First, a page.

The style at a Foxygen show is, unsurprisingly, of the era of Foxygen’s music. Foxygen’s era is a bit spread out though, a collage of classic rock iconography plagiarized, improvised and refreshed. Theirs is a sweet spot somewhere between the 50s everybody-gone-surfin’ idealism, the flower-crown 60s love child, 70s glam, and the color schema of the proto-typical “hipster” garb. One has to wonder what this crowd looks like on a regular day.
Does that guy really have platinum dreads once he leaves the venue?
Damn, those Doc Marten platforms go super well with that Irish pleated mini skirt.
Could that dude button down his tie-dye button-up to just above his naval anywhere but here?
Nice wool cap with Record Store Day buttons, bro. Sure is cold all shoulder-to-shoulder in here.
Everyone tonight at the Fonda Theatre is a huge fan of the group. Many have kept up with them for some time. Someone mentions how glad they are that the group didn’t break-up following some inner-band conflicts last year. I mention how much I like their new single, “How Can You Really,” to the shrugging disdain of a diehard, “Did you even listen to ‘Take The Kids Off Broadway’?” That sort of thing.
After settling in, the first of two opening bands begins. The group introduces themselves as, “Dub Thompson,” and shouts, over gnarling feedback that, “This song is about riding a horse motherfucker!” and with that the show begins.
Dub Thompson has impressive swagger and great stage banter. Their sound is grunge, but sprinkled in the cracks is a bit of a rap delivery. They plow through their set to the roughly mid-filled audience and the joy from stage is palpable. Near the end they play a few seconds of “Smells Like Teen Spirit” and the juxtaposition is apropos, and it isn’t just because the lead singer looks like Zachary Cole Smith (DIIV) who looks like Cobain. This is probably Thompson’s biggest show so far, but it certainly won’t be their biggest for long. The crowd cheers when Dub Thompson finishes up, and nothing could prepare them for Gary Wilson.
Back in the 70s Gary Wilson was making the most freaked out synth pop of the time. In many ways he was ahead of his time, but after last night’s performance one could argue that he is still far and away ahead of any time. Wilson performs tonight in a colonial powdered wig, red tinged kimono robe, orange gloves, a black Gorilla trash bag hanging from his left wrist, a roll of duct tape precariously latched on the right. The rest of the band is an extension of this “Trash Bag Swag.” Suffice to say, no one in attendance could compete with the fashion killers on stage.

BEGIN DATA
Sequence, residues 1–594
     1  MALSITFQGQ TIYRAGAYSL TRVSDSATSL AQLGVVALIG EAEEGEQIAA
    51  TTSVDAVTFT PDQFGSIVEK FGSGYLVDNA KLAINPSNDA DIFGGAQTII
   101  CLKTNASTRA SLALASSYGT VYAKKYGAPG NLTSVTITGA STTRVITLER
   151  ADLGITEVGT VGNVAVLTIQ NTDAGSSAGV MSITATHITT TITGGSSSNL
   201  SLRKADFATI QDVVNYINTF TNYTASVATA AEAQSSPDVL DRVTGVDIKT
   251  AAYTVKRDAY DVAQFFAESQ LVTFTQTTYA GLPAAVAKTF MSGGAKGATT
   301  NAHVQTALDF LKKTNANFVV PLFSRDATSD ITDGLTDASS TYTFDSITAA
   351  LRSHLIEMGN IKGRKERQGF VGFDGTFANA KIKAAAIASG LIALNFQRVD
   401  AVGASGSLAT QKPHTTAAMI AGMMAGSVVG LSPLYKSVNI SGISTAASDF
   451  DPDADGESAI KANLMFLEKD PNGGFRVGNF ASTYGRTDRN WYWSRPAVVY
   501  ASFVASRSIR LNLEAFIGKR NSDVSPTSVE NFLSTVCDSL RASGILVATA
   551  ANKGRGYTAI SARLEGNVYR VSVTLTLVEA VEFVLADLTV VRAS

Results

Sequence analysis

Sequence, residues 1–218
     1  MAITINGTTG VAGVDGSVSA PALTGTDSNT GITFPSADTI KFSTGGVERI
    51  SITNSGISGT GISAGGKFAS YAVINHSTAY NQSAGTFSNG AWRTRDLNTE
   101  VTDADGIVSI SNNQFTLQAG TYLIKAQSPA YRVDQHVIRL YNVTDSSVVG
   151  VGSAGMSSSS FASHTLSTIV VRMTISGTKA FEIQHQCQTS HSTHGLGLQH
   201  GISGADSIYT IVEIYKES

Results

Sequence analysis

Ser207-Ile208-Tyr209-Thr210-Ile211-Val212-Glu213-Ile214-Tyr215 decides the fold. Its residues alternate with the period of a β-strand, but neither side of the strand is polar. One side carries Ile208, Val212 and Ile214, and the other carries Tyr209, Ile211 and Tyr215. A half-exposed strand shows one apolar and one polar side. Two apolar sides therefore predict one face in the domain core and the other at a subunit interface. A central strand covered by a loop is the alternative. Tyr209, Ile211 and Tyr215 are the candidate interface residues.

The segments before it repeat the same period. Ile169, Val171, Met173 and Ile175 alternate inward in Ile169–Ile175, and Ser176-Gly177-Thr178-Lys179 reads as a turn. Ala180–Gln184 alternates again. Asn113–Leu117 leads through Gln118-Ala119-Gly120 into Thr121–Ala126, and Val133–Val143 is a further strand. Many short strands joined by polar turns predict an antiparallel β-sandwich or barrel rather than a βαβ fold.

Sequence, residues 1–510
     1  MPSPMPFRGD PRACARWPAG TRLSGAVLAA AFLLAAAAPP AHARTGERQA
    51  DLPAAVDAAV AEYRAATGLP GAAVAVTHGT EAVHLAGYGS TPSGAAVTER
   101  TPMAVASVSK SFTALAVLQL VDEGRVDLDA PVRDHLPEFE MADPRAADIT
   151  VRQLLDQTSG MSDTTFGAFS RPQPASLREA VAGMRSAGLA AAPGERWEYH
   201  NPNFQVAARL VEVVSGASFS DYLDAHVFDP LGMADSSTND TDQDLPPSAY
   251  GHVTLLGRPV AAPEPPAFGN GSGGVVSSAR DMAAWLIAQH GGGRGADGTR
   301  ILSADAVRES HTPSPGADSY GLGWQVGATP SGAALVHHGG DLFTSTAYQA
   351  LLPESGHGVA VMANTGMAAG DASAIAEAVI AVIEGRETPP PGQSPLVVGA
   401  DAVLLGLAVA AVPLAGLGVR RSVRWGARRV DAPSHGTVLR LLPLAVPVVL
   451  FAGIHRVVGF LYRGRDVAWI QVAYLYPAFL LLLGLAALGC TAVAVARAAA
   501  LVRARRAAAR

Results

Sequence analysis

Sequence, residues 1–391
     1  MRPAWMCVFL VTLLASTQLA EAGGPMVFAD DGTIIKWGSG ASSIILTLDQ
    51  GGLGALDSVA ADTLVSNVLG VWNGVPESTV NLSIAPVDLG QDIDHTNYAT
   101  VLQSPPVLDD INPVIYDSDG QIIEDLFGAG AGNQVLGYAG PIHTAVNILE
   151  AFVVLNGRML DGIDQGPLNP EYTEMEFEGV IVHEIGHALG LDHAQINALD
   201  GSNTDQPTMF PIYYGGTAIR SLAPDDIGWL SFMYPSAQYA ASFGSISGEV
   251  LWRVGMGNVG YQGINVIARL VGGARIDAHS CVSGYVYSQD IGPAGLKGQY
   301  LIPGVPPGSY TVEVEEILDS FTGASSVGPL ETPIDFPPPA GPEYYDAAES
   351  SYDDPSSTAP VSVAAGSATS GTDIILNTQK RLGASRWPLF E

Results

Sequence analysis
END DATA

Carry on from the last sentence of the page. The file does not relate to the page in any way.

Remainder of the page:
But, it is their music, and the vindication with which they perform it, that keeps everyone enthralled. There are human torsos on stage, the sort used for CPR instruction. There are disembodied heads, normally used by hairstylists in training. Many times these human pieces are yelled at, caressed, pleaded with, questioned. It is a stunning freakout, and one that has branded its memory into my mind.
As Wilson finishes up, it becomes obvious that Foxygen have done a great job in choosing their opening bands. Dub Thompson has the hard-hitting attack, and Wilson has the total tripped out acid-ride.
When Foxygen arrive it is with a bang. They explode onto the stage with “How Can You Really.” Well, frontman Sam France explodes at least. He thrashes, jumps, rolls, falls (one time pretty badly actually.) He is Bowie, Zappa, Plant. We may have a legitimate rockstar in Sam France, or he may be the Kool-Aid Man. He needs the whole stage, and some of the front row of the audience as well. All I can think is, it’s great that they band have added three backup singers to carry the songs, because France clearly doesn’t give a shit about singing. He is a spectacle, a vessel of the sound.
The rest of Foxygen is tight, professional and visibly enjoying their job. The newly added backup singers have their voices and dance numbers down. At times they sway, at other points they kick their legs high to the music. Jonathan Rado is the Dylan to France’s Mercury. He keeps everyone on task on the finer details as France parades around, nearly nude as his denim jumper threatens to fall to his ankles.
The entire performance drives home the hodgepodge aesthetic that Foxygen have so carefully crafted. They can dip into Sgt Pepper” for a moment and bounce out to Exile on Main St. They can go from Autobahn breakneck to suburban Sunday drive in the blink of an eye. They can have 20’s era Flapper back-up singers on the same stage with drummer J Mascis. It is an all encompassing and engaging performance, albeit a tad bit chaotic. How can rock n roll really be anything but?
Review: Ziv Biton
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